England’s march to final an ode to never-say-die spirit | Football News

England’s march to final an ode to never-say-die spirit | Football News

New Delhi: If you ask the supporters of any team whether they would like their team to play beautiful football or win the big trophies, a huge majority will probably choose the trophies. You can play all the attacking football you want and the fans will love you for that but if it doesn’t lead to wins, will it matter as much?

Ollie Watkins celebrates scoring England’s second goal in Dortmund on Wednesday. (AP)
Ollie Watkins celebrates scoring England’s second goal in Dortmund on Wednesday. (AP)

Tournament football isn’t about demolishing teams, it is about finding ways to win even when the chips are down. Throughout Euro 2024, that is exactly what England have done. They did it against Slovakia in the Round of 16, they did it against Switzerland in the quarters and then, with a place in the final on the line, they did it against the Netherlands too.

The 2-1 victory against the Dutch wasn’t like the other knockout matches. Rather, it saw Gareth Southgate’s team turn in their best, most fluent performance to come out on top. Xavi Simons gave Netherlands the early lead with a stunner before a contentious penalty allowed Harry Kane to equalise. The game stayed even until a last-minute strike from substitute Ollie Watkins sealed victory.

This isn’t rope-a-dope but, in footballing terms, it is possibly as close as it can get to that. Muhammad Ali took all the blows that George Foreman could throw during the famous ‘Rumble in the Jungle’ before finally landing the knockout blow. England were on the ropes in the Round of 16 against Slovakia, against Switzerland in the quarters and against the Netherlands too.

But each time, they have found a way to win. Against Slovakia, a Bellingham stunner (90’ + 5) was the equaliser and Kane (91’) got the winner. Bukayo Saka found the equaliser against Switzerland in the 80th minute while Watkins’s strike showed that squeaky bum time is when this team truly comes to life.

England are the first side in UEFA European Championship history to reach the final despite trailing in both the quarter-final and semi-final. It speaks volumes about the kind of mindset that is driving this team forward. They don’t give up until the final whistle.

This isn’t an exciting team but Southgate has them doing the right things in defence and they build from there. According to OptaJoe on X, ‘England have reached two consecutive Euro finals despite averaging 9.1 shots/90 (minutes) in 13 games over those two tournaments.’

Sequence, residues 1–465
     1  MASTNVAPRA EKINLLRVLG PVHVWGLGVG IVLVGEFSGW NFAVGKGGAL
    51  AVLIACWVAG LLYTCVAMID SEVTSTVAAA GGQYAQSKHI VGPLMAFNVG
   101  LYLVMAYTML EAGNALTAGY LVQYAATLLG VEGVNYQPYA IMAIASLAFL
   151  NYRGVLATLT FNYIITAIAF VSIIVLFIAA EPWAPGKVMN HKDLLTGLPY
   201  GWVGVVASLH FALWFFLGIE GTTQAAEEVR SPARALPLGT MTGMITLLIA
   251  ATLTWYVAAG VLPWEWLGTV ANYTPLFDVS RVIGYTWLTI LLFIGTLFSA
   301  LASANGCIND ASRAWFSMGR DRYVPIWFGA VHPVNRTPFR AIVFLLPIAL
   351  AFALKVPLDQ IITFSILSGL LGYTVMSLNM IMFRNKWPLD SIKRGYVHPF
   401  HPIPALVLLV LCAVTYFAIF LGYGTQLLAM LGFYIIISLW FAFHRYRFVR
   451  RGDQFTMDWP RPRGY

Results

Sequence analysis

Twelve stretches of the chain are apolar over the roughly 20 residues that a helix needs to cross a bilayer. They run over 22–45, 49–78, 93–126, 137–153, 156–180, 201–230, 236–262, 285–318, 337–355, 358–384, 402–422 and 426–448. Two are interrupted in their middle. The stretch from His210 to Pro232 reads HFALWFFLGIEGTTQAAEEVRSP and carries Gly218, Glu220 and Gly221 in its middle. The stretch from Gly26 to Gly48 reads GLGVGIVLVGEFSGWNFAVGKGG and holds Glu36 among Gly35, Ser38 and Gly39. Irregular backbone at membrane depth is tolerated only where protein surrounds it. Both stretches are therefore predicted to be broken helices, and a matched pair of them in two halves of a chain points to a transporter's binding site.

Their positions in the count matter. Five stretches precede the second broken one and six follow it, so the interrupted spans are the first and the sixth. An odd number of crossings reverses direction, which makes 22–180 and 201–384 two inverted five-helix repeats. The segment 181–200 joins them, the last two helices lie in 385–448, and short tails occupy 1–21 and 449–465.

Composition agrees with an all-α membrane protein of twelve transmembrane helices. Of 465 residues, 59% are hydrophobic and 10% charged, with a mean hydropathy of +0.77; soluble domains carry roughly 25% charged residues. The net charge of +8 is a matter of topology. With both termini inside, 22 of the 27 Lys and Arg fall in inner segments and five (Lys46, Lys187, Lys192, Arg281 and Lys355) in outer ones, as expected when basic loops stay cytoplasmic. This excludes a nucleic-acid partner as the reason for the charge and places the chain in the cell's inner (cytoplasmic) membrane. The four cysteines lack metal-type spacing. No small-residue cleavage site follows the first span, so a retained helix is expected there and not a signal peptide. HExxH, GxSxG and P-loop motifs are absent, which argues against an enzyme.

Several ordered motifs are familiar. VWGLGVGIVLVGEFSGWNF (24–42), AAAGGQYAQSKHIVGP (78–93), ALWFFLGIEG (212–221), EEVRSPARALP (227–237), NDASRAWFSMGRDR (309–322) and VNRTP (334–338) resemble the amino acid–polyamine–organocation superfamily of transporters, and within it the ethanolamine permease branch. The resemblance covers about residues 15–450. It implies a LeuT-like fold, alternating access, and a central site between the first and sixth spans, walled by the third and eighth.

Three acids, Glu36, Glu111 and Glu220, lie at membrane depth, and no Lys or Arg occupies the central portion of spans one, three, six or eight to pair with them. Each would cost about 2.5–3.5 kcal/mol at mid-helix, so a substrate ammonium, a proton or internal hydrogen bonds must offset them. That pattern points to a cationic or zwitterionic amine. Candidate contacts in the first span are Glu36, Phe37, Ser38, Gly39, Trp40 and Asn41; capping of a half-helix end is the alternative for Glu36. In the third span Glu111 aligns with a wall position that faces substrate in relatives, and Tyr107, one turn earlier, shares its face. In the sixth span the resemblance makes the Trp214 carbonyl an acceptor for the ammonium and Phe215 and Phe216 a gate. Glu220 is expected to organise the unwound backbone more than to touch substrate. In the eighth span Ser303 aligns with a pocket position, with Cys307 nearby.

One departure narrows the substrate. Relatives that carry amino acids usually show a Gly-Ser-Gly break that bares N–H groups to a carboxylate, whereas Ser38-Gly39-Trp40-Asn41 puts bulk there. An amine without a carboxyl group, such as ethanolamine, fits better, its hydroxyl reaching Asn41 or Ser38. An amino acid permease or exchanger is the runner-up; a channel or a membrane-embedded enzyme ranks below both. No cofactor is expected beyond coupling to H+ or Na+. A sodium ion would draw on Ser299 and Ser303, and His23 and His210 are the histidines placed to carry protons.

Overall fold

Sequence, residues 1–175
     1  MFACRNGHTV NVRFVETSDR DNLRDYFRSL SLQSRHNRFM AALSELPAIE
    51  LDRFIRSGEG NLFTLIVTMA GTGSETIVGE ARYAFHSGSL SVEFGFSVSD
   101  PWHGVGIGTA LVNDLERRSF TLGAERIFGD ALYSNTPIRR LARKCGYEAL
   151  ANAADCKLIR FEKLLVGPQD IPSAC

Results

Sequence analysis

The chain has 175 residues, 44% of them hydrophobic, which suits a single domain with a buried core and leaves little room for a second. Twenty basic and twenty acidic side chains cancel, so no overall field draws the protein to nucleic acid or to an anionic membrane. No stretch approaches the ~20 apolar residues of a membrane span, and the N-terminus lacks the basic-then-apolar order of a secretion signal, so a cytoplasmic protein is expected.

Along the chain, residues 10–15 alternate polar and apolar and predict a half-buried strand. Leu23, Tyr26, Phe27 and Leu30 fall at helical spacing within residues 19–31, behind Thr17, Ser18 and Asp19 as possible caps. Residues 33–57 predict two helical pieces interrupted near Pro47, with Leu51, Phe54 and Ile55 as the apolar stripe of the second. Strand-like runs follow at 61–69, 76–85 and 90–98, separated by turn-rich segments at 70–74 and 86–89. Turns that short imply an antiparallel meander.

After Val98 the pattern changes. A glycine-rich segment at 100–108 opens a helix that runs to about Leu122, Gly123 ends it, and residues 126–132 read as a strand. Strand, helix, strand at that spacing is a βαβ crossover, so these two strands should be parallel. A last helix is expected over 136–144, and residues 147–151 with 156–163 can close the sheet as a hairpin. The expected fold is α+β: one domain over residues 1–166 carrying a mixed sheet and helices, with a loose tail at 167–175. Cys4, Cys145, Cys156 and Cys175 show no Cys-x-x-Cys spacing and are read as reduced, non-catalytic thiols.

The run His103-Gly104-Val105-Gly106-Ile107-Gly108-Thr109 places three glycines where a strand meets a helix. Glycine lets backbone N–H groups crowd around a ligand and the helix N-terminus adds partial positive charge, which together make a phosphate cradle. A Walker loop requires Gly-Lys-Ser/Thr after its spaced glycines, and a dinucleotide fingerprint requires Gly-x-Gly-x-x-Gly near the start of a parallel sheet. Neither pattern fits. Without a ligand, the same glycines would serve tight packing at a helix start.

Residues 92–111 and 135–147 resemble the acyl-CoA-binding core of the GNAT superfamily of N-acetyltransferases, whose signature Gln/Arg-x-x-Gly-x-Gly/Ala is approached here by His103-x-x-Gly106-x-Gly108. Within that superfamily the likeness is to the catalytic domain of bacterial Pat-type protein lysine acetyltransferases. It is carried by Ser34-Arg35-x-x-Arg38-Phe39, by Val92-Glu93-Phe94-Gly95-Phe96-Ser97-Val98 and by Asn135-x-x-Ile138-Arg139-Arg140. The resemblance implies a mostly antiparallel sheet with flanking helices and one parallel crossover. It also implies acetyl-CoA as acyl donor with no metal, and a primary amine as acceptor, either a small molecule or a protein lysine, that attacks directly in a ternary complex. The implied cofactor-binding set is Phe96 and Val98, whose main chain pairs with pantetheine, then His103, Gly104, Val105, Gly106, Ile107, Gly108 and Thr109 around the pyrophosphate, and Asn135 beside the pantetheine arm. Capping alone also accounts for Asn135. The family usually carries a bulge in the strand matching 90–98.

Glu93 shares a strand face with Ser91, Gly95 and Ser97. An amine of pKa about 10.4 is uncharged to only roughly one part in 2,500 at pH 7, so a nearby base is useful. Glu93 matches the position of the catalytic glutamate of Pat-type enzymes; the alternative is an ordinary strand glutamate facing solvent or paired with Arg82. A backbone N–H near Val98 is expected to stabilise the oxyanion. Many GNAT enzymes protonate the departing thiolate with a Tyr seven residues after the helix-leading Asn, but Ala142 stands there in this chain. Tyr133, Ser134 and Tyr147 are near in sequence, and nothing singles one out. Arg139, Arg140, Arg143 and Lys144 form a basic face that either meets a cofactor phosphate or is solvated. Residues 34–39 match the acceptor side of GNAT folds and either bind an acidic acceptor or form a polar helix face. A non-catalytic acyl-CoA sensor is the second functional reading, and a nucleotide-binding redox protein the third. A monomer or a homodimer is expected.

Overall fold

Do that in the Premier League and you may not go far. But in a knockout scenario, these numbers matter little. If you can be clinical with the match on the line, you’ll win more than you lose because the opposition will be just as nervous.

For example, Watkins’s winner at 89:59 was the latest winning goal scored in a semi-final at the European Championship/World Cup (excluding extra-time). It was also England’s only shot on target in the second half of this match. Get a chance, make it count.

“Ollie came on and won it. We’re really grateful because I don’t know if I had another half an hour in me. I’m so happy for him. He’s the hero and he saved us,” said Bellingham after the game. “We’ve delivered again. These moments are great. They bring us together as a team and a family. It’s about bringing that into the final.”

England have now reached the final in two (Euro 2020 and Euro 2024) of their four major tournaments under Southgate — they had only done so in one of their previous 23 World Cup/Euro appearances (1966 World Cup) before Southgate’s tenure. It shows them that their method is working.

It did help England that Phil Foden found his rhythm too. He was running all over the park, creating chances and taking shots. This was way more than what he had managed earlier in the tournament and England will want him to do the same against Spain in the final.

The overall movement of the England team was superb as well and that saw them creating space where there was none before.

UEFA technical observer Ole Gunnar Solskjær felt they were excellent with the ball as well. “I really liked their willingness to run in behind and offer an option for a pass as the spaces in between then opened up,” he said.

The final, though, will be different. Mainly because Spain, as they showed against France, are a team that will keep coming at them and they are a mobile unit as well. England will be forced to defend but could fancy their chances on the counter.

It will be fascinating to see which England take to the field for the final. The one we witnessed in the early rounds or the one that we saw against the Dutch? Would a subtle readjustment be in order?

But then again, they might decide to come out and play. It has been a long time since the Three Lions brought some silverware home, but now they are just 90 minutes away from possibly their second major tournament win in history. For now, they’ve surely earned the right to dream.

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